sleep(5)]). The second -
fast_CPU, computes something and returns the result almost immediately.
Unicorn Workers Count == Cores
If I had only 2 unicorn workers and all of them would be hit with
slow_IO request and then 3 new
fast_CPU would appear they would be queued and forced to wait until first of
slow_IO is completed (so they'll start being processed after 5 seconds).
Unicorn workers_count > Cores
In case we have 3 workers (essentially any number greater than cores number) system switches between them every once in a while and this guarantees that even despite fact "fast" requests were received by server after the
slow_IO they get some CPU time, thus they should complete before the
slow_IO ones. My tests confirm that.
The Sky Is the Limit
OK, so if adding more workers made overall performance better, can't we just add let's say 100 additional worker processes. Will it work? Probably it won't (too much time spent by system during the context switching between processes). However, there is one more additional factor that comes into play — RAM. Every worker is a process with loaded application — if its size is really big then it will be a bottleneck and essentially, you'll run out of memory. Consider this (primitive) showcase.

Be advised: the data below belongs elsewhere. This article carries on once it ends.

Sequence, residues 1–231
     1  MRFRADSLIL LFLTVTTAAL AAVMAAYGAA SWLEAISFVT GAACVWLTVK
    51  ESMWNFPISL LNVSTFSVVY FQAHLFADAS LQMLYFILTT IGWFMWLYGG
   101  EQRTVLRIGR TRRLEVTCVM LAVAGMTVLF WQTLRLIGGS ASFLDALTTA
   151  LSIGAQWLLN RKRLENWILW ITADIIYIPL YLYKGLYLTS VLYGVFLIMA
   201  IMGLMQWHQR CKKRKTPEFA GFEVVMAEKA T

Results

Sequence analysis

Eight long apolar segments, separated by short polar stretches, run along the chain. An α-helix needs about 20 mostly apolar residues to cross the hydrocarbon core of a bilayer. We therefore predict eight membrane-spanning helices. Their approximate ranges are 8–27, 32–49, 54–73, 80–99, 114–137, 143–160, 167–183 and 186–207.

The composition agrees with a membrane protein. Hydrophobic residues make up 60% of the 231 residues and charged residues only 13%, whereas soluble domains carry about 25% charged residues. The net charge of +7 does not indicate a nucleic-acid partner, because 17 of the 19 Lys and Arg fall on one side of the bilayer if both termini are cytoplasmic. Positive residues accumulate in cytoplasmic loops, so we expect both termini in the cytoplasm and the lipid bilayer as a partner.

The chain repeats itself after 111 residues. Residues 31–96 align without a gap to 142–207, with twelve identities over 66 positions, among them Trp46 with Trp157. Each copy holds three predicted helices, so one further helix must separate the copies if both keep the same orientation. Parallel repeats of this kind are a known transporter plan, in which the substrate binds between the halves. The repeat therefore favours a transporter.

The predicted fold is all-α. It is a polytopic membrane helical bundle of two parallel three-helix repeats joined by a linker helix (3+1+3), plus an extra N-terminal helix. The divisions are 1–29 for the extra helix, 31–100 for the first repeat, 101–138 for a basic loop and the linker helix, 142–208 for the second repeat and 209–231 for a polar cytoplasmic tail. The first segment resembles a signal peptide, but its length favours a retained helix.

a) 5 workers, all load tiny app. Snapshot from htop (memory is in KB):
b) the same workers but I load a relatively big array on app start (
config.ru ). Clearly, more RAM consumed.
SOME_CONST =  (1..3_500_000).each do |i| SOME_CONST << "foo" end
We already know what multi-process means, but what is multi-threaded application? The simple answer is this: imagine you've got a desktop application that one of the possible actions to be triggered is to compute a complex equation. If the app is single-threaded you'll almost for sure notice frozen UI, because thread which controls it (UI) now is busy with computations.
Introducing an additional thread will give you chance to delegate this computation to an another thread still allowing the default thread to handle UI events. Of course, the only way to have these both threads to do their job parallel is to run instructions for each one on separate cores. Because threads belong to the same process they share resources (memory, process files descriptors, etc). As usual, everything comes with the price. Writing multi-threaded applications is more difficult — operating on the same data, changing it from different threads can quickly introduce hard to track errors.
Because of GIL presence in MRI, it's not possible to run two threads on two cores the same time within one process. This may change in the future (ruby 3?), however, for now, the easiest way to use true multi-threading and still use ruby is to use... JRuby and depend on JVM. All in all, it's worth knowing that you can get some benefit of multi-threading even when using MRI (essentially it comes down to running one thread within your process at a time, and occasionally switch between threads).